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Chemical / South America

Brazil's processed plastics industry losing ground to imports

November 26, 2012
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SAO PAULO, Brazil — Brazil is seeing a growing domestic demand for plastics, but the industry there is finding it impossible to meet the increase. The country is therefore relying on imports to provide feedstock for the required plastic products, with China emerging as a leading supplier, the PlastEurope website reports.

In 2011, the Brazilian plastic processing industry reported a modest one percent growth to 6.5 million tons output. This proved insufficient to match the 2.3 percent rate at which demand increased, reaching 6.89 million tons of processed plastics. While presenting the annual industry report for last year, José Ricardo Roriz Coelho, president of Brazil''s plastics industry association Abiplast, warned that domestic producers risk being pushed out of the market by foreign manufacturers.

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Other figures that Roriz Coelho cited from the report for 2011 confirm his concerns. Brazil''s exports of plastics feedstock went down 13.5 percent to 268,000 tons, compared to a 7.1 percent growth in imports, which came in at 660,000 tons. In addition, the total value of foreign-made plastics reached $3.39 billion, a 20 percent rise on the previous year, compared to a 2.7 percent increase in export value, which came in at $1.51 billion. As a result of this market development, Brazil''s trade deficit for processed plastics soared by 37 percent to $1.88 billion.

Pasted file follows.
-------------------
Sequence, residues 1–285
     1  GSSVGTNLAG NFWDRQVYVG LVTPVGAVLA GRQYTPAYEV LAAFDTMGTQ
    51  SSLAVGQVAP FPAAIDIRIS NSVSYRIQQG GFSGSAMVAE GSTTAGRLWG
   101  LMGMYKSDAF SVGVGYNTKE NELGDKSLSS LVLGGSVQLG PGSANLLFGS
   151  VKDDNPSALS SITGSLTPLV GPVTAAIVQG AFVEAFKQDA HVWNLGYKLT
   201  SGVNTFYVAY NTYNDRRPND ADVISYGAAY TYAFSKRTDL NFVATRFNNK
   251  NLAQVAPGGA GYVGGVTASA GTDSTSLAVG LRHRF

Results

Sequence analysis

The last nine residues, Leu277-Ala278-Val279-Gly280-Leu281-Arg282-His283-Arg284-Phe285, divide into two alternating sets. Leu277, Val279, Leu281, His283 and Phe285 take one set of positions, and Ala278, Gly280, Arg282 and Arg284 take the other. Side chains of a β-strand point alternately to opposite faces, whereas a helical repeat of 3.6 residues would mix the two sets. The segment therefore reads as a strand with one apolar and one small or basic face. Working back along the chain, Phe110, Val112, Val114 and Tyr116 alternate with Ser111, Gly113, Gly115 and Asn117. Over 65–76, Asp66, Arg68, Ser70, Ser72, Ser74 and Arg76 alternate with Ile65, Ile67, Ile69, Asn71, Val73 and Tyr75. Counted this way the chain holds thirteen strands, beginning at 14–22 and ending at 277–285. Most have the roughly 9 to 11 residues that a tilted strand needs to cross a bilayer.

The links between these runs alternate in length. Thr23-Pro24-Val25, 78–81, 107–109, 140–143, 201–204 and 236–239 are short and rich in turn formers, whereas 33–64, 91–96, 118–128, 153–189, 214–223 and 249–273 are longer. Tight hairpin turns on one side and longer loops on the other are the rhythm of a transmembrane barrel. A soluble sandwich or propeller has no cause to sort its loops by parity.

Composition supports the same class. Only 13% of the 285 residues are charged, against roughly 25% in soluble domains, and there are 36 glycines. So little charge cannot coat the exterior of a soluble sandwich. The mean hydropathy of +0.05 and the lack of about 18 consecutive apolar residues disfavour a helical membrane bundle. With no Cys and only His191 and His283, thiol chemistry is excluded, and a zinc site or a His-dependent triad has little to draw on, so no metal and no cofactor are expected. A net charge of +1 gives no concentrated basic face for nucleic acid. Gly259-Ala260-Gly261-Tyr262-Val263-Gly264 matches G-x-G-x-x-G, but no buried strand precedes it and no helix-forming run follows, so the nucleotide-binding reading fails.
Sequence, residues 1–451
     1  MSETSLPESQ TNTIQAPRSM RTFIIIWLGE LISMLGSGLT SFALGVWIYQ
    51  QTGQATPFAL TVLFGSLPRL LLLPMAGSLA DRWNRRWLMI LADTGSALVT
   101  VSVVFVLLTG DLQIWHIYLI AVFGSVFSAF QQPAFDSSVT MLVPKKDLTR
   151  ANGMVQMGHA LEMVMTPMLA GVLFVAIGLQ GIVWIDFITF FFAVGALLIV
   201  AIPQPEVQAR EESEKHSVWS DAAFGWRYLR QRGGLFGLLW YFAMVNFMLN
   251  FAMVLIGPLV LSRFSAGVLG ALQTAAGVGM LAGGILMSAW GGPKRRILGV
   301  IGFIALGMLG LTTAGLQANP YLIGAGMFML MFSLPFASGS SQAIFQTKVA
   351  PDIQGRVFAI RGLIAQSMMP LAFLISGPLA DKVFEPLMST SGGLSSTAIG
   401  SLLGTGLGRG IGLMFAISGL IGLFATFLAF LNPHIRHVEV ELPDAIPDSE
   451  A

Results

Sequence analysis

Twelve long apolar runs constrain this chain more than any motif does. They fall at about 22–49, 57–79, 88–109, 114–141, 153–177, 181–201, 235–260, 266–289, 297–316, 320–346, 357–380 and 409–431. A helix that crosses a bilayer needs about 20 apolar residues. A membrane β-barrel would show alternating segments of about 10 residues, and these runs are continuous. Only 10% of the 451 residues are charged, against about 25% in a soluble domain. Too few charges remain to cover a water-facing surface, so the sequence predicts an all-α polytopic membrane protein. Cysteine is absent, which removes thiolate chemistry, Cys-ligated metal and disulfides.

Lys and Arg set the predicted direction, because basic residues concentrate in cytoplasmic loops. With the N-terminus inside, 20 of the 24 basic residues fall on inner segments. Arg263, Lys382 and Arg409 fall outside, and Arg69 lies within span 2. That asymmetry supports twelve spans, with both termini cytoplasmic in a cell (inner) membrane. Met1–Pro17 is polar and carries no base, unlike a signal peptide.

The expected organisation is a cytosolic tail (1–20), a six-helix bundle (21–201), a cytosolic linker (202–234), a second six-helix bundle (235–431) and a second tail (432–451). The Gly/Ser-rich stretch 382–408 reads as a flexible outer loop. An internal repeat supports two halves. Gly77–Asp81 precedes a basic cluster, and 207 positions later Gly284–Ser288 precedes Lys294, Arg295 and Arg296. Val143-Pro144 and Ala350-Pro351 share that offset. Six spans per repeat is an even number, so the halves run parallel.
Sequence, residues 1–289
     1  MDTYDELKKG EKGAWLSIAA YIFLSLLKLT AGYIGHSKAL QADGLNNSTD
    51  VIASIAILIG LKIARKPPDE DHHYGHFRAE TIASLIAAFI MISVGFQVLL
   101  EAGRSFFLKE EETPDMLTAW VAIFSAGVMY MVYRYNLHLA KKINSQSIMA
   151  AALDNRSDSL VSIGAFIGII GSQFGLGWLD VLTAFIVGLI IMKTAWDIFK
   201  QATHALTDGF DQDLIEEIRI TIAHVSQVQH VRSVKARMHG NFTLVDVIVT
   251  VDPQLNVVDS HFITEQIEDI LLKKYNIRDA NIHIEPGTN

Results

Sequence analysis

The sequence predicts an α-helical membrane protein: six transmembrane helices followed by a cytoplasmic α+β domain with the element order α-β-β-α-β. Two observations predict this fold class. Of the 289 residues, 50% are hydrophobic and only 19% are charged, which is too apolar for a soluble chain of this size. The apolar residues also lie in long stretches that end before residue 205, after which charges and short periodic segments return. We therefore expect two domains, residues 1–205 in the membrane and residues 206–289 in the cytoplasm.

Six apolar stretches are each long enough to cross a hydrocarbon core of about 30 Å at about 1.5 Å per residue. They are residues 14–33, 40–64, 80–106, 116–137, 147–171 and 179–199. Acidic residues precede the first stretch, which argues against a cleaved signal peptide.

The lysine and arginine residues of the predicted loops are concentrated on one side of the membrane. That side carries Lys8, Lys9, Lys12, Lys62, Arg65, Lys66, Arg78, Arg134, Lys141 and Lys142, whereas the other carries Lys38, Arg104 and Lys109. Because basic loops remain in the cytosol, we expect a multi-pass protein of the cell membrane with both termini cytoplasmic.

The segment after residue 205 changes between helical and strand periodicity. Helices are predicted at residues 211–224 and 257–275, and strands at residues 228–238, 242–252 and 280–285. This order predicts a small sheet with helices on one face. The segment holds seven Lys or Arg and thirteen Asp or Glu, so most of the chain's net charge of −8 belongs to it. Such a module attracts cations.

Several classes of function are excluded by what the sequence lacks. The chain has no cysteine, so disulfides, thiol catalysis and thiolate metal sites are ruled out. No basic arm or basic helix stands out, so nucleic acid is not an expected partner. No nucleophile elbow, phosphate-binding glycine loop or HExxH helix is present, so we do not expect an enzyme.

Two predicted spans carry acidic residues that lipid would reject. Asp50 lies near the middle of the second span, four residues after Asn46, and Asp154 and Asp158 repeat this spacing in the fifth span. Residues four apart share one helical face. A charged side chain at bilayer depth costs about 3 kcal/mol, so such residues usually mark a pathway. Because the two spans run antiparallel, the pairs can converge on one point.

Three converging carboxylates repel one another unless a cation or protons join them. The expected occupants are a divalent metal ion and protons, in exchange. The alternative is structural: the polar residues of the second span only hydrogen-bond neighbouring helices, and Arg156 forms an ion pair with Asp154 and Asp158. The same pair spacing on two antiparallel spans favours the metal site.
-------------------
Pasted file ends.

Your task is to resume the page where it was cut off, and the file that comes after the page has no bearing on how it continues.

The outlook for 2012 does not foresee more optimistic results for the domestic industry, PlastEurope says. Between March and September 2012, exports of processed plastics shrank 13 percent to 137,000 tons, whereas imports rose by 8.2 percent and reached 392,000 tons. Similarly, the total value of imports continued to grow over the period and reached $2.03 billion, a 7.6 percent increase, while the export value fell by 9.3 percent to $792 million.

The processing industry in Brazil depends on feedstock coming from China and Asia in general, which accounted for a third of the total imports up to September. The second most important supplier of plastics was the European Union, accounting for 23 percent of the imports, followed by Latin American countries and the United States, which provided 19 percent and 16 percent of the imported plastics, respectively.

Roriz Coelho singled out several factors that contributed to the poor performance of the local plastics industry. One of the reasons is the slowdown in Brazil''s GDP growth, with readings dropping sharply from 7.53 percent in 2010 to 2.73 percent in 2011. The International Monetary Fund expects this to fall further to 1.47 percent this year. Other purely internal factors, such as high operating costs, poor infrastructure, bureaucracy and corruption also have a negative impact on the industry, the Abiplast president noted.

In addition, Brazil lacks a huge plastics processing businesses and the overwhelming majority of producers are small or medium-sized companies, with more than half of them employing up to ten workers. This prevents companies from adopting innovative technologies and equipment and causes a fragmentation on the market, he concluded.

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